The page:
- Cases across New York are doubling about every three days — standing at 25,665 as of Tuesday.
- That's about 10 times the number of cases in California, Cuomo said.
- Some 3,234 people have been hospitalized in New York state, he said.
New York Gov. Andrew Cuomo said Tuesday a "troubling and astronomical" number of coronavirus cases has increased the urgency across the state for more hospital beds as the outbreak spreads "unabated."
He also lashed out at the federal government for not sending in more ventilators. The Federal Emergency Management Agency is sending the state 400 ventilators, Cuomo said at a news conference.
"Four hundred ventilators? I need 30,000 ventilators. You want a pat on the back for sending 400 ventilators?" Cuomo said, adding that he needs the ventilators in 14 days.
"We're not slowing it and it is accelerating on its own," Cuomo added.
He said the state is now projecting it will need more hospital beds a lot sooner than thought. The state estimates it will need 140,000 hospital beds in as little as 14 to 21 days. The state previously said it would need 110,000 beds for COVID-19 patients by early to mid-May.
"The inescapable conclusion is that the rate of infection is going up. It is spiking. The apex is higher than we thought and the apex is sooner than we thought. That is a bad combination of facts," Cuomo said.
Cases across the state are doubling about every three days — standing at 25,665 as of Tuesday — 10 times the number of cases in California, Cuomo said. Some 3,234 people have been hospitalized, he said.
"New York is the canary in the coal mine. New York is going first. We have the highest and fastest rate of infection," he said, adding that what's happening in New York will spread to California, Washington and other states from there.
Cuomo said the state has about 3,000 to 4,000 ventilators and has purchased about 7,000 more, but it needs a minimum of 30,000 additional ventilators.
"This is a critical and desperate need for ventilators," he said, adding that the state is experimenting with using one ventilator split between two patients. "We don't have any other options. There's no other way for us to get these ventilators. We've tried everything else."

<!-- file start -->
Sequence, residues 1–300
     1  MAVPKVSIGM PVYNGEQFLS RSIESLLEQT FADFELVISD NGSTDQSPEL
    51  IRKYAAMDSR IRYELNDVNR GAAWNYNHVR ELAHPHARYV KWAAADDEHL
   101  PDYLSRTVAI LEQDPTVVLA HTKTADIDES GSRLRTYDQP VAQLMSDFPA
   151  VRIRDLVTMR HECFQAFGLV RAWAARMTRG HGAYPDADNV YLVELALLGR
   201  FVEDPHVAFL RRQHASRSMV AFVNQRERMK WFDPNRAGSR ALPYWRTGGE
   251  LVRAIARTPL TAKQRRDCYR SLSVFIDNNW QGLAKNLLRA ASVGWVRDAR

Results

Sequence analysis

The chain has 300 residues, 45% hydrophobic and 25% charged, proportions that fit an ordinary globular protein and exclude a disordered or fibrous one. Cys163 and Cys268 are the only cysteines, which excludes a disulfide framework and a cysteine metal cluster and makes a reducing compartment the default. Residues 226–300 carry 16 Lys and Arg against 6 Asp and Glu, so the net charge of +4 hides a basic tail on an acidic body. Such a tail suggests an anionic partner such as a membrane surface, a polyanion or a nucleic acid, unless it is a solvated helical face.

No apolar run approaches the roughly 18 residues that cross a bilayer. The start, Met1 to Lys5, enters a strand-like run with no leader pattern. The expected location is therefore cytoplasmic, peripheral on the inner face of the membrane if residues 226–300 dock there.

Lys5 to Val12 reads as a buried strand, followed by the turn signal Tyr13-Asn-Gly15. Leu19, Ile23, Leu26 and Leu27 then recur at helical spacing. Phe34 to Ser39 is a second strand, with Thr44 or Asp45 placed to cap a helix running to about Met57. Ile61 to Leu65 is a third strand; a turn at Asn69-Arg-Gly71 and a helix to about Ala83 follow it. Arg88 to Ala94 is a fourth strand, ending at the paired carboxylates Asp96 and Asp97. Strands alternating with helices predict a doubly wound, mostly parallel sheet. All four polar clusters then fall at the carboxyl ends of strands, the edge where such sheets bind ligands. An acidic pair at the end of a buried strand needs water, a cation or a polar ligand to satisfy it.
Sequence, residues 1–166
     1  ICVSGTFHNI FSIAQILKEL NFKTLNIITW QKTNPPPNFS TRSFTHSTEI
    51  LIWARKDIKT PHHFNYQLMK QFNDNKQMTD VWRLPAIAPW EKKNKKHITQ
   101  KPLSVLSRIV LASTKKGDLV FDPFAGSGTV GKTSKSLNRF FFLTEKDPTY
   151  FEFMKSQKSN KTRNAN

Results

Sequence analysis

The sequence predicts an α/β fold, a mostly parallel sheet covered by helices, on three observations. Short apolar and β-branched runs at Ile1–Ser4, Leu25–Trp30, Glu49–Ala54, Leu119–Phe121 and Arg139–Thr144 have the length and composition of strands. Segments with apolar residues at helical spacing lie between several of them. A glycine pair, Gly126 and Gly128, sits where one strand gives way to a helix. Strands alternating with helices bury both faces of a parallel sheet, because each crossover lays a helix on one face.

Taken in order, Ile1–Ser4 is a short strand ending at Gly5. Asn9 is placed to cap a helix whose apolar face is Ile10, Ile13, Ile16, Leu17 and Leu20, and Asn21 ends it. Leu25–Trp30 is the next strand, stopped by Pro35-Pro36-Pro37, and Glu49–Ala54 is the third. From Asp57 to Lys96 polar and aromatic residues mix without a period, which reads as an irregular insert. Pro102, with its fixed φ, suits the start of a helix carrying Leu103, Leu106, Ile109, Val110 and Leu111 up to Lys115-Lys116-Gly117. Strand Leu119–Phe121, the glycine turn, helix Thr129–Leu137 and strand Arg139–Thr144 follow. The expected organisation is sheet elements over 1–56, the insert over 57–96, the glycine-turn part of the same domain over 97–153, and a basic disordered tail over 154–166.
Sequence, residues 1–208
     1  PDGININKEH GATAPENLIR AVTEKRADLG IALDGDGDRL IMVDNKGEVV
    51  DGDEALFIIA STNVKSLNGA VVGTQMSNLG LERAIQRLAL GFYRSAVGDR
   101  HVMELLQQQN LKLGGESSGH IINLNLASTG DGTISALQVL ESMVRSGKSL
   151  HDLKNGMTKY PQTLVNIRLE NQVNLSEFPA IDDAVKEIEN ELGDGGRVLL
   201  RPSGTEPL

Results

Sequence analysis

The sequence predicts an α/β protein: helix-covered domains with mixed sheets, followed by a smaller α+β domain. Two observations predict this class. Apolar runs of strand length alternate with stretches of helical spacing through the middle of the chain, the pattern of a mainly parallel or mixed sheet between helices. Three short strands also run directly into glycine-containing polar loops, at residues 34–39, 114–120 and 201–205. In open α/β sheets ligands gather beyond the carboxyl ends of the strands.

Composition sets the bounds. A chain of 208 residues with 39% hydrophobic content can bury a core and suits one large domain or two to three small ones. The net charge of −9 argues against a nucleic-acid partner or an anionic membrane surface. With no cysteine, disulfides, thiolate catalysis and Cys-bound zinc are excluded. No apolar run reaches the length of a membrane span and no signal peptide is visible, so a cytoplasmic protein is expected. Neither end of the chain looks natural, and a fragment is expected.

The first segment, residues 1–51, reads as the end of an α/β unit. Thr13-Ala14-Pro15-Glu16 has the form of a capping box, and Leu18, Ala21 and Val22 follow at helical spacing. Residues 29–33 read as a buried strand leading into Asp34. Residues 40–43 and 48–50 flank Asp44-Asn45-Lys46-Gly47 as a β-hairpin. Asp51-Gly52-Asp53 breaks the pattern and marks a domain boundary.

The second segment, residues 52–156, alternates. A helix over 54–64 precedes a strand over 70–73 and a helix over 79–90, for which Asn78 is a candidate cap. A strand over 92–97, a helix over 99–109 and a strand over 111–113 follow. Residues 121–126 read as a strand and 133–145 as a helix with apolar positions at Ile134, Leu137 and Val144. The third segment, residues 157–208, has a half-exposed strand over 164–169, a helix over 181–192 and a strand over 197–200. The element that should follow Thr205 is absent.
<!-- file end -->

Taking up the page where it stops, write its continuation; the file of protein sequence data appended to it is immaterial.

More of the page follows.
He called on President Donald Trump to use the Defense Production Act to secure more medical equipment and asked Health and Human Services Secretary Alex Azar to release the 20,000 ventilators in the U.S. stockpile to New York.
"How can you be in a situation where you have New Yorkers possibly dying because they can't get a ventilator, but a federal agency is saying 'I'm going to leave the ventilators in the stockpile,'" Cuomo said. "I mean, have we really come to that point."
Cuomo criticized Trump for pushing to lift state restrictions that have effectively placed almost half of the nation under some sort of quarantine.
"I understand what the president is saying that this is unsustainable that we close down the economy and we continue to spend money. There is no doubt about that," Cuomo said. "But if you ask the American people to choose between public health and the economy, then it's no contest. No American is going to say accelerate the economy at the cost of human life."
The priority has to be to save lives, he said. New York is currently the hardest-hit state in the country, ahead of New Jersey, California and Washington state.
Cuomo was speaking at the Jacob K. Javits Convention Center in New York City, where the Army Corps of Engineers is building four FEMA hospitals with 250 beds each for coronavirus patients. Temporary hospitals will also be built in Stony Brook, Westbury and Westchester. The state is also considering converting university dormitories and hotels into makeshift hospitals, he said.
New York state is also running a clinical trial beginning Tuesday of a treatment regimen of hydroxychloroquine and azithromycin, two drugs that doctors in Africa and elsewhere say they've seen anecdotal evidence it may help fight the virus. The state health department will also be running a clinical trial using the blood plasma of recovered patients to treat new infections, he said.
The New York metro area, which includes New Jersey, Long Island and southern Connecticut, has the highest "attack rate" in the country with nearly 1 in 1,000 people in the region contracting the virus — at least five times higher than the rest of the country. The attack rate is the portion of the population that gets infected.
"To all of my friends and colleagues in New York, this is the group that actually needs to social distance and self-isolate," Dr. Deborah Birx, the White House coronavirus response coordinator, said at the press briefing. "Clearly, the virus had been circulating there for a number of weeks to have this level of penetrance into the general community."